When voice problems affect your job and when to seek help

Written by: Professor Guri Sandhu
Published: | Updated: 07/08/2019
Edited by: Laura Burgess

Humans are unique amongst the animal kingdom in that they possess the ability to communicate through their speaking and singing voices. In professions like singing, teaching, law and customer care, where you need your voice for your living, the voice’s absence can mean loss of earnings or even the end of a career. The larynx contains the vocal folds which open to let you breathe and close to vibrate to make the sounds of your voice. We have all experienced voice loss or hoarse voice (dysphonia) when we have had laryngitis in association with a ‘cold’ or ‘flu’. Otherwise, dysphonia is usually due to something (a lesion) on the vocal folds impairing normal vibration or weakness of a nerve supplying the larynx.

Symptoms associated with dysphonia

Having a problem with your vocal cords most commonly results in hoarseness, loss of voice, discomfort on speaking and poor control of pitch and loudness. Hoarse voice for more than three weeks, especially if associated with pain, swallowing or breathing problems needs urgent attention.

Persistent problem? Seek professional advice

Persistent voice problems should always be assessed by a laryngologist (an ENT surgeon with an interest in voice). Examination of the larynx is usually painless and can be performed in a clinic with a small camera that inserts either in the mouth or the nose. If you use your voice excessively or shout frequently you can end up with vocal nodules. These are swellings always in the middle of both vocal folds, due to voice trauma. Treatment is resting the voice and guidance from a speech therapist who will help improve your vocal technique.

Smokers should be vigilant when it comes to voice problems

Anyone can develop a voice problem, but some people are more prone to problems than others. Professions that use the voice a lot, such as teachers and singers, have a greater chance of developing problems with the voice. If you talk loudly or shout a lot your chances increase, and aging can also increase the risk of problems. If you have been a smoker then dysphonia for more than two or three weeks should always be assessed by a laryngologist. One has to be concerned about small precancerous or cancerous lesions on the folds. Laryngeal cancers can also be associated with pain or present with a lump in the neck. Quite often small cancers can be eliminated using a laser but sometimes radiotherapy treatment may be indicated. With small laryngeal cancers, cure rates are very high. Radiation therapy uses high-energy x-rays, gamma rays, or particles to kill cancer cells.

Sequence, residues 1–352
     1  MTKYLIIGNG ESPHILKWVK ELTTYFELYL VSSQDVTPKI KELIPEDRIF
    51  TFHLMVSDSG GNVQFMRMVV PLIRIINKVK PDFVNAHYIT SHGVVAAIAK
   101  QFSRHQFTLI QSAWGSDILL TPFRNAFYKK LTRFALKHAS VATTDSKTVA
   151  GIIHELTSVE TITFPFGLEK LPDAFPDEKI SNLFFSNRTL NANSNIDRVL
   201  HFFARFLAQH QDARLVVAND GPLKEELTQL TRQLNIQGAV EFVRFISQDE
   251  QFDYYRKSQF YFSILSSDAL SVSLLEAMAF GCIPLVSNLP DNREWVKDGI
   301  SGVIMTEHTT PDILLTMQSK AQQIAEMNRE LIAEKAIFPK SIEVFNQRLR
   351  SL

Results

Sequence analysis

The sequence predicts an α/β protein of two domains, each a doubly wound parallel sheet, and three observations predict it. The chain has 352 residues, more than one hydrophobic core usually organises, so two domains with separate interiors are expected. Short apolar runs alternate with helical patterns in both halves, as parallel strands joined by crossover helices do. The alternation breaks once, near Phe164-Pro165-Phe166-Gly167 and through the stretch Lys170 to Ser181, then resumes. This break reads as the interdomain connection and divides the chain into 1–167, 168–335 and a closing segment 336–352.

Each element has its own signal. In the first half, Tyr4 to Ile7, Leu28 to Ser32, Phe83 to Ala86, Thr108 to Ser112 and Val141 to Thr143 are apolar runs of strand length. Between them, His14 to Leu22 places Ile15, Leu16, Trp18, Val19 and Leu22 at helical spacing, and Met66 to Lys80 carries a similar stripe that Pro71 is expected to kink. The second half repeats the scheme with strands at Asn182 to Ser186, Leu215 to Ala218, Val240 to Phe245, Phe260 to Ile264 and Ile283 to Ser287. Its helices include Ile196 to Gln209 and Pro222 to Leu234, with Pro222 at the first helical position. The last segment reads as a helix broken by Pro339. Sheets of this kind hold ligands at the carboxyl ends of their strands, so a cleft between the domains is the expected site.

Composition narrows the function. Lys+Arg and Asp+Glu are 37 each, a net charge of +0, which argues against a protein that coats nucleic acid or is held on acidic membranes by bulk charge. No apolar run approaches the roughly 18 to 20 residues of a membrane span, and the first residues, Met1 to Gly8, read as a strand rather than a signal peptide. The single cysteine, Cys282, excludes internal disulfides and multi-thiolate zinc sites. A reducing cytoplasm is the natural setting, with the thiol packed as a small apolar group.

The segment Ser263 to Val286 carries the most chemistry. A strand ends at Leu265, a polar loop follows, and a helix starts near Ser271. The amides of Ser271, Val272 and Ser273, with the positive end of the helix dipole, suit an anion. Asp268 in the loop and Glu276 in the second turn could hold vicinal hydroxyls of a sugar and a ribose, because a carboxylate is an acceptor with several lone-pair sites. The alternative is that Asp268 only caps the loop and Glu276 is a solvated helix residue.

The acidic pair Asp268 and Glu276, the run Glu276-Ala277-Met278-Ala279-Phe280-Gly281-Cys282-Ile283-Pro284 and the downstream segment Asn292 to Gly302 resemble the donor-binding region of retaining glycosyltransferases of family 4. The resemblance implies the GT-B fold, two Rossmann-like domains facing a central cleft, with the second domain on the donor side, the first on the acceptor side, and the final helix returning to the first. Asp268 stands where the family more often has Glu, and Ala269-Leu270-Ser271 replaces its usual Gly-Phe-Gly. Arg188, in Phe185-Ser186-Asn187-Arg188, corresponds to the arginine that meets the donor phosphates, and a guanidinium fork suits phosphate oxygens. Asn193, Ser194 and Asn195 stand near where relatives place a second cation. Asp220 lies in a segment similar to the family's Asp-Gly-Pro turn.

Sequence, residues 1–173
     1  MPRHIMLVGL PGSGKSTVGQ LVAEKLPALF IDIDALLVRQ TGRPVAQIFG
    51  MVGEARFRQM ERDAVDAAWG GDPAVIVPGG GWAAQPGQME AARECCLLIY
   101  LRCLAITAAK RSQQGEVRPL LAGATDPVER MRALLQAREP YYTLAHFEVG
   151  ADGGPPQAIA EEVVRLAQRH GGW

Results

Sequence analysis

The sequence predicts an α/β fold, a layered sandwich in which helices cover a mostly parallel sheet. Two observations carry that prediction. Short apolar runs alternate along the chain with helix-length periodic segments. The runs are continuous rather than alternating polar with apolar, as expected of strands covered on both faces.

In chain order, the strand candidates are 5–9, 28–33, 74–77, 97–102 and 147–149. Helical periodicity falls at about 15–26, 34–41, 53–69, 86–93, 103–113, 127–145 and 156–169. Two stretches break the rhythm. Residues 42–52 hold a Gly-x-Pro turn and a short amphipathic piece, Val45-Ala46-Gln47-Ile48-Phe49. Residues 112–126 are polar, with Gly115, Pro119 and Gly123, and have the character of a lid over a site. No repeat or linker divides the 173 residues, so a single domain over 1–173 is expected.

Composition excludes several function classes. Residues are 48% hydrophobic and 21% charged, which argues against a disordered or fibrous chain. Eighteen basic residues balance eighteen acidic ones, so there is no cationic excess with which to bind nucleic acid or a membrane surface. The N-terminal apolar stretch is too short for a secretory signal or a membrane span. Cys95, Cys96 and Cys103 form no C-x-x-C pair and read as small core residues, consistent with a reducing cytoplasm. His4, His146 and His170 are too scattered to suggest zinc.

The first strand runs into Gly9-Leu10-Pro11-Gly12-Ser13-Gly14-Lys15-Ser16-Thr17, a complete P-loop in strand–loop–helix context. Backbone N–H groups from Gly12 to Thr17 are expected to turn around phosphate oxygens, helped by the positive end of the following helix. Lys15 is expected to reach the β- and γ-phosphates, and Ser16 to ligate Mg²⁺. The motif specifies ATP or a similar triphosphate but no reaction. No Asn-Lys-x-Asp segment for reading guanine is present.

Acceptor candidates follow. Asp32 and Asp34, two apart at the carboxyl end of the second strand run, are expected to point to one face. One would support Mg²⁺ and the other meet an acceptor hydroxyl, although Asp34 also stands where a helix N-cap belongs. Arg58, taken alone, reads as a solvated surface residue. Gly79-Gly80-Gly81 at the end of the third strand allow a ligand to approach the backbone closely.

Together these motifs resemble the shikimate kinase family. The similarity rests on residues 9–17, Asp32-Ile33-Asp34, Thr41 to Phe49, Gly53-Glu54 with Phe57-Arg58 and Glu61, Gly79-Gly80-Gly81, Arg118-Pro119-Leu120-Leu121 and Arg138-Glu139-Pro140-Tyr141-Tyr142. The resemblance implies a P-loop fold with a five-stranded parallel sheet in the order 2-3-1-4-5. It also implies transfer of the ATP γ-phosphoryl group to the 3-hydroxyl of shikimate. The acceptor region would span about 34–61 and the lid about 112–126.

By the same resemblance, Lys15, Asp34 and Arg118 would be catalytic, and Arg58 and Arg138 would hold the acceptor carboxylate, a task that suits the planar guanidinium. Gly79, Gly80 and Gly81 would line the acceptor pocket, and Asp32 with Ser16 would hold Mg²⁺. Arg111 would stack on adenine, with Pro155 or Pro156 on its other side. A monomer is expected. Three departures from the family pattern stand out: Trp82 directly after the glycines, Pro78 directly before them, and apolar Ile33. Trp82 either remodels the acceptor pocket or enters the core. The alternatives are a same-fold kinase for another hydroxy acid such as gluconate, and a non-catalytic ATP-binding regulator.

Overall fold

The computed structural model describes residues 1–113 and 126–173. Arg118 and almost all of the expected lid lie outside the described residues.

Laryngoscopy is a medical procedure that is used to obtain a view of the vocal cords and the glottis. Laryngoscopy is most commonly performed in clinic by an ENT specialist using local anaesthesia and a flexible nasal endoscope. This helps to look for laryngeal problems. Direct laryngoscopy or microlaryngoscopy is performed under a short general anaesthesia and allows for surgery on the vocal cords, using a laser if indicated.

Read more: how does ageing affect the voice?

If you notice changes with your voice, or if you have persistent voice problems, it’s worthwhile making an appointment with a specialist laryngologist.

 

By Professor Guri Sandhu
Otolaryngology / ENT

Professor Gurpreet (Guri) Sandhu is a world leading surgeon, academic and pioneer in otolaryngology/ENT. He treats the full range of ear, nose, and throat conditions in both adults and children. He has a special interest in voice, airway and swallowing problems, as well as minimally invasive techniques for the management of head and neck tumours.

He has a large private practice across London, managing the problems experienced by professional voice users from stage, music, and media, and is ENT surgeon to the Royal Society of Musicians, and has made outstanding contributions to the field of laryngology. 

Professor Sandhu is Professor of Practice in Laryngology and the lead for the Airway Reconstruction Unit at Imperial College London. This is one of the largest multidisciplinary adult airway services in Europe, achieving National Centre for Airway Reconstruction status. 
He has pioneered minimally invasive approaches to airway diseases that have reduced morbidity and hospital stays for patients.

Professor Sandhu has published over 150 research papers, 15 book chapters and three textbooks. He is committed to education and training, runs several postgraduate courses, and is frequently invited to lecture nationally and internationally.

He is president of the British Laryngological Association and past president for the Royal Society of Medicine section for laryngology and rhinology.

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